Comm 403 Blog 2-The Semiotics of a Road

     Semiotics, at its most basic level, is a study of communication that deals with signs and codes.  Anything and everything can be considered to be a sign, which includes signifiers and signifieds.  A sign is anything that symbolizes or represents something else.  A signifier is something that has a material or physical existence in the world while a signified is the value that is attached to a sign and there can be more than one per sign.  On a higher level, a sign has a denotative and connotative meaning.  The denotative meaning deals with a physical description of a sign and the connotative meaning deals with anything associated with the sign that can not be defined by its description or, more simply, its meaning in everyday life.  Because examining the semiotics of anything can be interesting and important to understand communication better, the examination of the semiotics of a road is a simple way to break down semiotics.

      In a very general, denotative sense, the road depicted in this picture is dark gray or black with a yellow line down the middle. (This road is not considered a signifier because it has no physical sense in the picture.  Although where the road actually exists, it would be considered a signifier.) To the direct right side of the yellow line, a broken yellow line can be observed.  On either side of the road, close to the the edge, a white line exists.  With no additional knowledge, these signs mean absolutely nothing.  However, to pass a driving test and legally be able to drive, one must understand the signified or connotative meanings of the lines in the road.  To begin, it is important to understand that a road automatically connotes that one should be driving to the right of the yellow line.  That way, cars in the other lane to the left will be traveling the opposite direction.  There are exceptions to this rule though.  For example, in the picture the broken yellow line signifies that one can legally pass another car by going into the other lane if that car is going at least ten miles under the speed limit.  Alone, a broken yellow line does not mean this, but society has given that meaning to it.  In addition, a white line at the edge of road indicates not to pass over it because the road ends there.  However, if the white line was down the middle of the road, it would connote that both sides of traffic are traveling in the same direction and it is acceptable to pass any cars not going the speed limit by traveling around them.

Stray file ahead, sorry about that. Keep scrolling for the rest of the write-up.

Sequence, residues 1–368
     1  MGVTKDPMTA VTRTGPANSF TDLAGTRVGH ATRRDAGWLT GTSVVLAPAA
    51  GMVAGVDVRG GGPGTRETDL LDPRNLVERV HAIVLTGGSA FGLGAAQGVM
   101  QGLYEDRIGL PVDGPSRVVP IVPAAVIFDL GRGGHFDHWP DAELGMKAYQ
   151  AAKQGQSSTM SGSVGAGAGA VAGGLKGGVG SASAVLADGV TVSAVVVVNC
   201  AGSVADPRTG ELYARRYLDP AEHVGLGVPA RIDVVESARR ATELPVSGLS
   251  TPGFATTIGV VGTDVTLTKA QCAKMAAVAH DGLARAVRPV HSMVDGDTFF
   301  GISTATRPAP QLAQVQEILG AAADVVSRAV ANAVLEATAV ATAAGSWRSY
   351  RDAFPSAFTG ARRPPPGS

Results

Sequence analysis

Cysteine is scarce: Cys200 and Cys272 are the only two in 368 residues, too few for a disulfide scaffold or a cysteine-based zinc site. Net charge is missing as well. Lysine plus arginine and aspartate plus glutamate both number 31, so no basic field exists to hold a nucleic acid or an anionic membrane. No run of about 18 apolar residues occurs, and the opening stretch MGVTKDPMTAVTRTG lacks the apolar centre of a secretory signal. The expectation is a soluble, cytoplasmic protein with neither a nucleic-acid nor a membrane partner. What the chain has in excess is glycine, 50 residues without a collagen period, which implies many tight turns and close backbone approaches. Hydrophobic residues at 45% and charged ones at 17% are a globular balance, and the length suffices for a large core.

Overall, a road can be a simple breakdown of semiotics.  There are many other examples of signs on the road, including stop lights, stop signs, and speed limit signs.  Each of these things have a denotative meaning that is a simple description of the sign.  On an everyday, connotative level, though, meaning has been given to these signs by a society.  This is the level that individuals live at.  Pictures, ads, and other things can all be broken down into simpler understandings.  

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